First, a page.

The unincorporated town of Goodnight, Texas sits halfway between the homes of San Francisco's Avi Vinocur and North Carolina's Patrick Dyer Wolf, whose transcontinental collaboration has adopted the name of its geographic midpoint. After meeting in San Francisco and learning each other's melodies, the pair of songwriters found their stride amidst old wooden instruments and a vision of late nineteenth century blue collar America - a grittier, simpler, more mysterious world full of raw pain and beauty.
The band's debut LP A Long Life of Living breathes fascination with the fading memory of generations in our country's patchwork of opportunity, immigration, and tragedy, and muses on our own era's place in the story. Vinocur's deep ancestral roots in the Appalachian hills of western Maryland are alive in songs like "Jesse Got Trapped In A Coal Mine," a mandolin-driven elegy for a doomed young fiancé. The song is at once heavy, dusty, and so catchy as to be instantly memorable. Wolf's lyrical wistfulness echoes his recent migration from Northeast to West to South. He reflects on the fleetingness and importance of life's minutia in "Car Parts and Linens," staring eternity in the face from a porch rocking chair and drawing on North Carolina's stylistic petri dish on the album's terminal ballad.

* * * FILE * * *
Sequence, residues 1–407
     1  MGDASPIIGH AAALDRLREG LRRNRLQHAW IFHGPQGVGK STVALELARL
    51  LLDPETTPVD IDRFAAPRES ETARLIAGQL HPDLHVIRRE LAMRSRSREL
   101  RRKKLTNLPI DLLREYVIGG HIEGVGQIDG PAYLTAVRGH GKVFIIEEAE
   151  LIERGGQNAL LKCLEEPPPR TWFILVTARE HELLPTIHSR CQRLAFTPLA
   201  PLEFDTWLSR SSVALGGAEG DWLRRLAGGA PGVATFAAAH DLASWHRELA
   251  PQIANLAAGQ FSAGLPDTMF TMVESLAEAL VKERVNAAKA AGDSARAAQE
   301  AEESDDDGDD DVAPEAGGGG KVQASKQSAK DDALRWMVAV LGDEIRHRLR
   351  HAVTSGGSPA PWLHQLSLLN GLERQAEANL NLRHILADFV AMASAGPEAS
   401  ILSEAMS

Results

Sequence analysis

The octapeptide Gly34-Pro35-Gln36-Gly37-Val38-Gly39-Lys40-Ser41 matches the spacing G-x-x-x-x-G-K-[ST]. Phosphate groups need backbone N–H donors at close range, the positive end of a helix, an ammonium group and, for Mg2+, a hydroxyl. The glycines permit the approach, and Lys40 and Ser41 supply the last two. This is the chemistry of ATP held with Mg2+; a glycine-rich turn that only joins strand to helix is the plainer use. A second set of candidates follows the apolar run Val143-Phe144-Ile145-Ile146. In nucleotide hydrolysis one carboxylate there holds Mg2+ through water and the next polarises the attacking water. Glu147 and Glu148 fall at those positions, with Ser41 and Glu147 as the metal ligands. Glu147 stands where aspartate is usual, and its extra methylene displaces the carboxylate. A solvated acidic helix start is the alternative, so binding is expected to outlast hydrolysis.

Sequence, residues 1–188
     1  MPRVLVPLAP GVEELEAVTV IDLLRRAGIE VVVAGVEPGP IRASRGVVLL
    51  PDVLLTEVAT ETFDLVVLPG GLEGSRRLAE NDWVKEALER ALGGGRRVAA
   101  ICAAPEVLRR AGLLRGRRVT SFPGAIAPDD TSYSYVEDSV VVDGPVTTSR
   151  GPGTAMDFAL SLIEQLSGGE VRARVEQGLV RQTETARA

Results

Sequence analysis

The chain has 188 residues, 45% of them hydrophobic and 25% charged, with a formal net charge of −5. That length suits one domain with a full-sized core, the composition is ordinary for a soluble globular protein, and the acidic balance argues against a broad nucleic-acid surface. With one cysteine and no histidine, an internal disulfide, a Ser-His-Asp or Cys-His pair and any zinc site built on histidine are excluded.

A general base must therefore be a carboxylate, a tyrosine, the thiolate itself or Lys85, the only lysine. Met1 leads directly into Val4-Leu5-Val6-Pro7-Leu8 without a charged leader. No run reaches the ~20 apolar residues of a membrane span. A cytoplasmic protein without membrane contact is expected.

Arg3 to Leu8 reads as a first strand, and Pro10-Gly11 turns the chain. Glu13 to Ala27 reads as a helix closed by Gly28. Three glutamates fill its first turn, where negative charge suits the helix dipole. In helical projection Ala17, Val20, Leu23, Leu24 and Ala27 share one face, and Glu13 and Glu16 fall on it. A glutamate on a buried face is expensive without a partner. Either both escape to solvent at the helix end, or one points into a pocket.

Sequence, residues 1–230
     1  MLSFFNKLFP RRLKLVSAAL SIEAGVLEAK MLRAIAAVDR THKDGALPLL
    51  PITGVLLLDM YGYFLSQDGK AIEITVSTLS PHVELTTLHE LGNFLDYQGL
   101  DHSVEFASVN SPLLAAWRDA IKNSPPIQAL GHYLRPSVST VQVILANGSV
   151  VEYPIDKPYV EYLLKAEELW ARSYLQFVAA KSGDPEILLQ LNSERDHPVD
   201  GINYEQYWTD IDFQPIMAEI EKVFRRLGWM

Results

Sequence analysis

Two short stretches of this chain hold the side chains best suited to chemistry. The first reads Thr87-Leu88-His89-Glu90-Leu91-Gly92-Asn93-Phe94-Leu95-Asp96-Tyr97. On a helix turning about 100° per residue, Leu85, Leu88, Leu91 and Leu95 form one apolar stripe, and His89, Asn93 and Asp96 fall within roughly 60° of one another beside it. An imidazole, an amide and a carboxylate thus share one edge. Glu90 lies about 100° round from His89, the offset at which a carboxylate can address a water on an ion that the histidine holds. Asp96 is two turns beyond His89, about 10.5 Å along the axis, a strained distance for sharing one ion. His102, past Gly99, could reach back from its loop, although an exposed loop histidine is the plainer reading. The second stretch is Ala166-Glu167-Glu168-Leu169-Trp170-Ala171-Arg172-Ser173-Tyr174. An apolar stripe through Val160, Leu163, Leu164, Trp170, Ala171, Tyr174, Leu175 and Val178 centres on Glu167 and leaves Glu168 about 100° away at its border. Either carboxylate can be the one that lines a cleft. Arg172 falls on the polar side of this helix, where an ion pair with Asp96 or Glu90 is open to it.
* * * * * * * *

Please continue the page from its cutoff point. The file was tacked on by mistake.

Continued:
While they are clearly different writers, the Wolf/Vinocur venn diagram is consistently compelling. Together with Alex Nash, Scott G. Padden and sometimes others, Goodnight, Texas has the dynamic range of a ragged orchestra and the beginnings of a story that will stand the test of time.